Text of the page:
The Road Not Taken
BY ROBERT FROST
Two roads diverged in a yellow wood,
And sorry I could not travel both
And be one traveller, long I stood
And looked down one as far as I could
To where it bent in the undergrowth;
Then took the other, as just as fair,
And having perhaps the better claim,
Because it was grassy and wanted wear;
Though as for that the passing there
Had worn them really about the same,
And both that morning equally lay
In leaves no step had trodden black.
Oh, I kept the first for another day!
Yet knowing how way leads on to way,
I doubted if I should ever come back.
I shall be telling this with a sigh
Somewhere ages and ages hence:
Two roads diverged in a wood, and I—
I took the one less travelled by,
And that has made all the difference.
We all have moments in life that tend to define us. It may be a simple thing, or an extraordinary challenge, but when it comes we are faced with the question whether to embrace it or walk away. Sadly, too many people have regrets for not taking the road less travelled, preferring for the safer and easier route. They look back and lament that their lives could have been very different if only they embraced the opportunity when it arose.
The Christian journey is a remarkable, extraordinary, and amazing journey. Yet too often, Christians, take the easier road. The road of comfort and complacency. The road that seems to be sure and certain, at least in their own minds. The challenge of being disciples that are part of something amazing is left untended, and the wonder of what God can do is never experienced or explored.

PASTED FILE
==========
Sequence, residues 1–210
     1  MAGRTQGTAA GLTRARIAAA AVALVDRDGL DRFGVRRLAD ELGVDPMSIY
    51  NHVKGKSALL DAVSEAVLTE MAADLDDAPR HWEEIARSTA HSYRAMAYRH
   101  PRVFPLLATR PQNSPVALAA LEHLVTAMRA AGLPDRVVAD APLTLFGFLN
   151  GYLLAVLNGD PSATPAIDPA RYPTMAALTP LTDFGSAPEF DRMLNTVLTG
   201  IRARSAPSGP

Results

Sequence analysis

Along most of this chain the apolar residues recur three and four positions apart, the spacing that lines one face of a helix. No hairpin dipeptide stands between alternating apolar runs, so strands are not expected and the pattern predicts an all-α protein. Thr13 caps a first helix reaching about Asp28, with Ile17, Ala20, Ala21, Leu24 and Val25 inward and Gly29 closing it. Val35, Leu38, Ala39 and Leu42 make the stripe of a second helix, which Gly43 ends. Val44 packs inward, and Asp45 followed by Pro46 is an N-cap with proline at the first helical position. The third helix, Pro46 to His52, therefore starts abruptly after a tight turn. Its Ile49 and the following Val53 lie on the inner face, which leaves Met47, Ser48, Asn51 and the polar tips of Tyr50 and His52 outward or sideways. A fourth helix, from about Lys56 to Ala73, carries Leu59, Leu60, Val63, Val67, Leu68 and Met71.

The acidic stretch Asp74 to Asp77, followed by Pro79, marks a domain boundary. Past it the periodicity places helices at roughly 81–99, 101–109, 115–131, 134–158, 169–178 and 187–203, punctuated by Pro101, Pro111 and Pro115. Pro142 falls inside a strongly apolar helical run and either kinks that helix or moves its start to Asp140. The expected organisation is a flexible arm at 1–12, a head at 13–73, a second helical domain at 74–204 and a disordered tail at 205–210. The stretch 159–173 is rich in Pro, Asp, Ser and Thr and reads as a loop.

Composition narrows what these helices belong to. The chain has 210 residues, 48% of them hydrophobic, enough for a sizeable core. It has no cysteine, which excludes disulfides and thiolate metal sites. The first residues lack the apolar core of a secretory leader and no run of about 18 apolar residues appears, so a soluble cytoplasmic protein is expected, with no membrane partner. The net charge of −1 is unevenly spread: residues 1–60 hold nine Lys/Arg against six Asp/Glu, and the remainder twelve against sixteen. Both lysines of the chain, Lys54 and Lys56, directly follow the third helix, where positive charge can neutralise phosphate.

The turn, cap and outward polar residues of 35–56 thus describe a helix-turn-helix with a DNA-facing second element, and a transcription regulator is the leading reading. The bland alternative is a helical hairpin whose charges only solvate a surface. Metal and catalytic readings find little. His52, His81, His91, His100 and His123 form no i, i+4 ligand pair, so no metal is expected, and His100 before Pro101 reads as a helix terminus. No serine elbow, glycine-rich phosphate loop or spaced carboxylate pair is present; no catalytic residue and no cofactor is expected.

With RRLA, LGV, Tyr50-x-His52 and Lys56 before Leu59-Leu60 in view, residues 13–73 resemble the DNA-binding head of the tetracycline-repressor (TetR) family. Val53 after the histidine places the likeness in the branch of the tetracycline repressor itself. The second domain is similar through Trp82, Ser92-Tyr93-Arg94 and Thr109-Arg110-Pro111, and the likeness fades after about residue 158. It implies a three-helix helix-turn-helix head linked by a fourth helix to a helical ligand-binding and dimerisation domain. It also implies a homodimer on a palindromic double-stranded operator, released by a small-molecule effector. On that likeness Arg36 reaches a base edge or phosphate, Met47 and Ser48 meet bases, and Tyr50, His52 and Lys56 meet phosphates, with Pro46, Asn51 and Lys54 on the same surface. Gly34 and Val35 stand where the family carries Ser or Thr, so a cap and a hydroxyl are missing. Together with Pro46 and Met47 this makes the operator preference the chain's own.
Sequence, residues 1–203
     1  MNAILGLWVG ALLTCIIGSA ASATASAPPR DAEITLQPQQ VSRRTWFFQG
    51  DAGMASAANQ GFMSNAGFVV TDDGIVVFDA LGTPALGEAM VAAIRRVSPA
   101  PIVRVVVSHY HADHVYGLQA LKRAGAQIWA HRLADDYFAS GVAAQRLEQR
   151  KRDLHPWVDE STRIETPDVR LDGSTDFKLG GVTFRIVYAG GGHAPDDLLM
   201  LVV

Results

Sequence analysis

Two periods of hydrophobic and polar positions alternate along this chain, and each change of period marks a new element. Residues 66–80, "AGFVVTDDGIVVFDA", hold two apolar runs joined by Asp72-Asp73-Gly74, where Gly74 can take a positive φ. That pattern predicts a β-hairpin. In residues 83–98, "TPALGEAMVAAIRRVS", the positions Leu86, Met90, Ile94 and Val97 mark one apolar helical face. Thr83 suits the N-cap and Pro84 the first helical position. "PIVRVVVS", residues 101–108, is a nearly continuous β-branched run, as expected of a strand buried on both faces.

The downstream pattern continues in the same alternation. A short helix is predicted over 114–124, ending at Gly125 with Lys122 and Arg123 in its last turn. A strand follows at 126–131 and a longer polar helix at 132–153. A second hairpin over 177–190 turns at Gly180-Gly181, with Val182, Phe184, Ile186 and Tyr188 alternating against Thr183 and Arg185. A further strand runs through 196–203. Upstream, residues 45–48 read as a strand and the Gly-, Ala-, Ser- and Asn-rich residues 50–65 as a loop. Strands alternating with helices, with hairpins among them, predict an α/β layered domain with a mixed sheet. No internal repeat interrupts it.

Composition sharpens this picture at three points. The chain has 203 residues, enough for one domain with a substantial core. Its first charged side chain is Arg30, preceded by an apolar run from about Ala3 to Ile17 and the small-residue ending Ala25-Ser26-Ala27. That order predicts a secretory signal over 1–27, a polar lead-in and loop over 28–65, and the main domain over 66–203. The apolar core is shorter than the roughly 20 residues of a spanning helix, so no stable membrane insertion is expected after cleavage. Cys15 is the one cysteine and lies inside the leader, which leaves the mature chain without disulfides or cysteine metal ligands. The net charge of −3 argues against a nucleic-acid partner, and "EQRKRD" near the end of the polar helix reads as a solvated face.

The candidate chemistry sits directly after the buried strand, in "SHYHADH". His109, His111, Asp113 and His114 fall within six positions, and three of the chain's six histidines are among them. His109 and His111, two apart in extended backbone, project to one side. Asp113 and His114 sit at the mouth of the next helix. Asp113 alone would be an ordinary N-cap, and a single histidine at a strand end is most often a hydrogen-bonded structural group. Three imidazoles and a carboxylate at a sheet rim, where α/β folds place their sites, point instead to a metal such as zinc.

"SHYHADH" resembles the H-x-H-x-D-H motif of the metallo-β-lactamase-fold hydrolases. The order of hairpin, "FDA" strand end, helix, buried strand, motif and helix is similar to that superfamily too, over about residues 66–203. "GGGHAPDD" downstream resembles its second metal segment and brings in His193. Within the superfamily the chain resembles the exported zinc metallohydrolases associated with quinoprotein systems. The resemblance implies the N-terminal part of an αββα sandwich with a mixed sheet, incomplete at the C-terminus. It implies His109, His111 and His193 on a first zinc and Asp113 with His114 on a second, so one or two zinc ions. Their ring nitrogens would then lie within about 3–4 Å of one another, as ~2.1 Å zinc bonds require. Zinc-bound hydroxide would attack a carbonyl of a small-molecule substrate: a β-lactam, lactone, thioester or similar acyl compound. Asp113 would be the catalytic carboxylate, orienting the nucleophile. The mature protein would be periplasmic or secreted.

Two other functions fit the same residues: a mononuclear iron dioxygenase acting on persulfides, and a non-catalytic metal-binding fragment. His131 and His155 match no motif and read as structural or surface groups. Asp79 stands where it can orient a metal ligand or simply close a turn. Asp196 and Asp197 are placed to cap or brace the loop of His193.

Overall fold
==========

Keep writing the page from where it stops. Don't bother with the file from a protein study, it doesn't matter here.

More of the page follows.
In our text, the disciples are sent into a boat while Jesus finally finds the rest he needs to grieve the death of his cousin John. But the sea, always a metaphor for the chaos and turmoil of the dysfunctional world sin creates, because rough and treacherous for the disciples who fear it will overwhelm them. Then in the midst of this, they see a figure, Jesus, coming to them across the stormy waters. Peter calls out, and Jesus invites him to come to him. Peter’s choice is simple, having delivered one miracle in feeding 5000+ can he also walk on water like Jesus? Peter takes the chance, but gets distracted, sinks into the water, and begins to drown until Jesus rescues him. He second guesses his faith, and in that moment fails. Despite his failure though, Jesus’ love and grace still rescues and restores.
As Christians, and as churches, we are faced with the challenge to follow the call of Jesus and step out in faith, following the road less travelled. There is no reward or joy remaining in the boat, huddled together for fear of the world around us. “Fortune favours the brave”. The Spirit ventures in the rough seas and invites us to have the courage to venture with Him. Christians willing to take the challenge, can always do so knowing that Jesus is always there ready to rescues and redeem our floundering efforts. Once again, we can do amazing things through Him who has saved us and called us by name.